I might try it again, if I had a coupon. These gluten free products are not cheap…they run in the $4.00 – $5.00 price range depending on your region and store for a 15oz tub. I would not use the pizza stone this time and I wouldn’t re-chill the dough which means I would need to work quickly. Like I said, the kids enjoyed it and that would make it worth it. Perhaps mini pizzas for the kids would be a fun way to go.
It is worth a try and perhaps you’ll have better luck with it. If you try it, let me know how you like it!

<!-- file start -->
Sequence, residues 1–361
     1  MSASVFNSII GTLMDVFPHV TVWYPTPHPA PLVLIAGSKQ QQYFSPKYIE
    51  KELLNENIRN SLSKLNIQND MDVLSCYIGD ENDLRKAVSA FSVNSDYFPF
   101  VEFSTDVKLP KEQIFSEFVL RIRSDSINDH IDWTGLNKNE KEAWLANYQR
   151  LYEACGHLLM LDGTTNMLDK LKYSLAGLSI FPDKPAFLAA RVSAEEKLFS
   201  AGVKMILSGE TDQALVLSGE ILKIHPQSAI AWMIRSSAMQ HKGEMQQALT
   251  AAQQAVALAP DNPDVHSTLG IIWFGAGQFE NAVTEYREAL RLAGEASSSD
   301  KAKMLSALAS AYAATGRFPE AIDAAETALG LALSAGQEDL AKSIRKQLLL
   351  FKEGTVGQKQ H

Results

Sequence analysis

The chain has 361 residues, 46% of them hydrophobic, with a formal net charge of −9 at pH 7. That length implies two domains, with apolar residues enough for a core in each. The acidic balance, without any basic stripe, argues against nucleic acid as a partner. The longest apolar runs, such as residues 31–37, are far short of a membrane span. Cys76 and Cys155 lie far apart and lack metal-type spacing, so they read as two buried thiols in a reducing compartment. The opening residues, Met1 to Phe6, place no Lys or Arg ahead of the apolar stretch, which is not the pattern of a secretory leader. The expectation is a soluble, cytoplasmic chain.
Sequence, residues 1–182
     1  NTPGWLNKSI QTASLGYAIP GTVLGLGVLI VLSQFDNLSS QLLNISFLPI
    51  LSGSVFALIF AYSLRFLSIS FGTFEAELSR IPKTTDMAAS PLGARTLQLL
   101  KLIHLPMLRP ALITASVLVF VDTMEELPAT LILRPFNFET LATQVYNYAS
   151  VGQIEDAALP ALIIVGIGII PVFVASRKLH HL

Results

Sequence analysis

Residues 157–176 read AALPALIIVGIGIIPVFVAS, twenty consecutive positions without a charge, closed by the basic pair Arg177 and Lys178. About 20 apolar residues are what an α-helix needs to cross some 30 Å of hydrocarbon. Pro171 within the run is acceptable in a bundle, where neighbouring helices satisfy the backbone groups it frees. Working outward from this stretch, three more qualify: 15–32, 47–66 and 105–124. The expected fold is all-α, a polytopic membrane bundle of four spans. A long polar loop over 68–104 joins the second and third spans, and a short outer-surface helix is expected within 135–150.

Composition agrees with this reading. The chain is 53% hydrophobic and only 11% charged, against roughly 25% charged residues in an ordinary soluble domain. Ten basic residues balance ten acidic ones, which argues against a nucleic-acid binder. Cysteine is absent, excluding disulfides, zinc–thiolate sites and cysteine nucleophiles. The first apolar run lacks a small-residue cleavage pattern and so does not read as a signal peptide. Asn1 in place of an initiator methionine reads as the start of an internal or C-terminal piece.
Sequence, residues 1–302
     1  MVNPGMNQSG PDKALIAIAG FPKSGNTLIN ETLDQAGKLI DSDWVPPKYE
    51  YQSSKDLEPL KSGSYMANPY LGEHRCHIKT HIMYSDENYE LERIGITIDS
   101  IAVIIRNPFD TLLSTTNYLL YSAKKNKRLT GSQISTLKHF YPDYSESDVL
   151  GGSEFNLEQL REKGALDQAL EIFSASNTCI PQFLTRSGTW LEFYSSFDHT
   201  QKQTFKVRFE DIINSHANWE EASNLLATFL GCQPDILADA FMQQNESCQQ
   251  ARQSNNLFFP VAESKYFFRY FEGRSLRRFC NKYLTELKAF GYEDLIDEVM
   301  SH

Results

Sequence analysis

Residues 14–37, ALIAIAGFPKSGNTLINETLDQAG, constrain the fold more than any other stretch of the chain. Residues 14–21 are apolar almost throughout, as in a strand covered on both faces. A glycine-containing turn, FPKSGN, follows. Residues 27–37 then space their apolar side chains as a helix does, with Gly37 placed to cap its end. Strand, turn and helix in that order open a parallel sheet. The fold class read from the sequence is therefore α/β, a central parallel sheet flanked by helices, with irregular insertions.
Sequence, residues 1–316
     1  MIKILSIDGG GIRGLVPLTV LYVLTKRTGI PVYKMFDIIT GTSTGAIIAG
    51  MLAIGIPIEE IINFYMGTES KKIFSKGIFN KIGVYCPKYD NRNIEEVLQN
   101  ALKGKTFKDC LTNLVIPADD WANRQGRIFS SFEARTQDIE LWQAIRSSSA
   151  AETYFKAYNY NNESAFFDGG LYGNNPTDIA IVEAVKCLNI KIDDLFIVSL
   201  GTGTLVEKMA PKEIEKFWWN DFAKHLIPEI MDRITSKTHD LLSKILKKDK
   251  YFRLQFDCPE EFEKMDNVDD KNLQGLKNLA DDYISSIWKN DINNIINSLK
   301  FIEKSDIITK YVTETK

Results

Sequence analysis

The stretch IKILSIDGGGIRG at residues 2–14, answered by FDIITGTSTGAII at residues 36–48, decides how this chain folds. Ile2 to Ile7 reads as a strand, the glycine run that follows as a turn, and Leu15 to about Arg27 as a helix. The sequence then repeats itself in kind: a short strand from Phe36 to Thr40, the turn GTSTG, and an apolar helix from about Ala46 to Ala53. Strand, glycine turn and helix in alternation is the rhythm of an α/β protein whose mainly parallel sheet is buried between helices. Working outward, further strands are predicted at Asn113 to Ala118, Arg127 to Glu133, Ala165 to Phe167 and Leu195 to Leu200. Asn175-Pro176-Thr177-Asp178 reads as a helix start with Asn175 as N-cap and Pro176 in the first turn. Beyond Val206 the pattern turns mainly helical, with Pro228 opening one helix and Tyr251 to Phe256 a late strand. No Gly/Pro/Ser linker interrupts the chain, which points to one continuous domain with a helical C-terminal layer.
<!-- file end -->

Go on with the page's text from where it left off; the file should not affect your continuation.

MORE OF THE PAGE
It seems that now in virtually every Wal-Mart, Publix and Kroger one can find gluten free items in the most mundane of grocery stores. Our favorite and most trusted companies have begun manufacturing gluten free products for our ease and enjoyment, like Pillsbury’s new gluten free chocolate chip cookie dough and pizza dough. This became pretty important to me when my then 17 month old daughter was diagnosed as having a peanut and tree nut allergy. It has been a whirlwind learning experience (that is never over) and requires constant vigilance to read labels and ask questions. I am sure that at times I do look like Mad Eye Moody to our family members, waitresses, and whomever else tries to feed my daughter. What I have learned in the last year and a half is that many times, gluten free can be safe for peanut and tree nut allergy sufferers. This is not always the case so I highly recommend that with all products you must still read the label! With Lydia’s allergies I thought it would be nearly impossible for her to ever eat a chocolate chip cookie. If you or a loved one has a peanut and tree nut allergy then you know that chocolate in most of its normal encantations is made in a factory that also processes peanut or tree nuts. That means no chocolate chips. It was heartbreaking for me. My first word was “cookie” then “dada”. Priorities, I know! When I found the tub of gluten free chocolate chip cookie dough in the refrigerator section at the grocery store my heart skipped a beat and I really think I held my breath as I read through the ingredients and allergy warnings. As luck would have it, there were no warnings and that little tub found it’s way into my buggy and into my refrigerator. I have bought these cookies twice now and am pretty pleased. Are they a Nestle Toll House? Not exactly, but they are yummy and my nephews at Christmas ate up almost a whole batch and never seemed to notice. At Christmas, so much of what is a holiday tradition is not safe for my allergic girl and it was nice to have out a holiday treat that was safe for her and that the nons (what I call us with no allergies) enjoy as well. They can seem a bit grainy but overall the dough makes good cookies. They fooled my very picky nephews and were all gobbled up at Christmas. Depending on the size of your cookies, it makes just over a dozen. I usually use a cookie dough scoop or a tablespoon for drop cookies. My mom baked them this last time and was able to shape the dough into a log and slice the cookies, which gave us a bigger yield. I recommend that you try the gluten free cookie dough from Pillsbury and would love to hear how you liked it.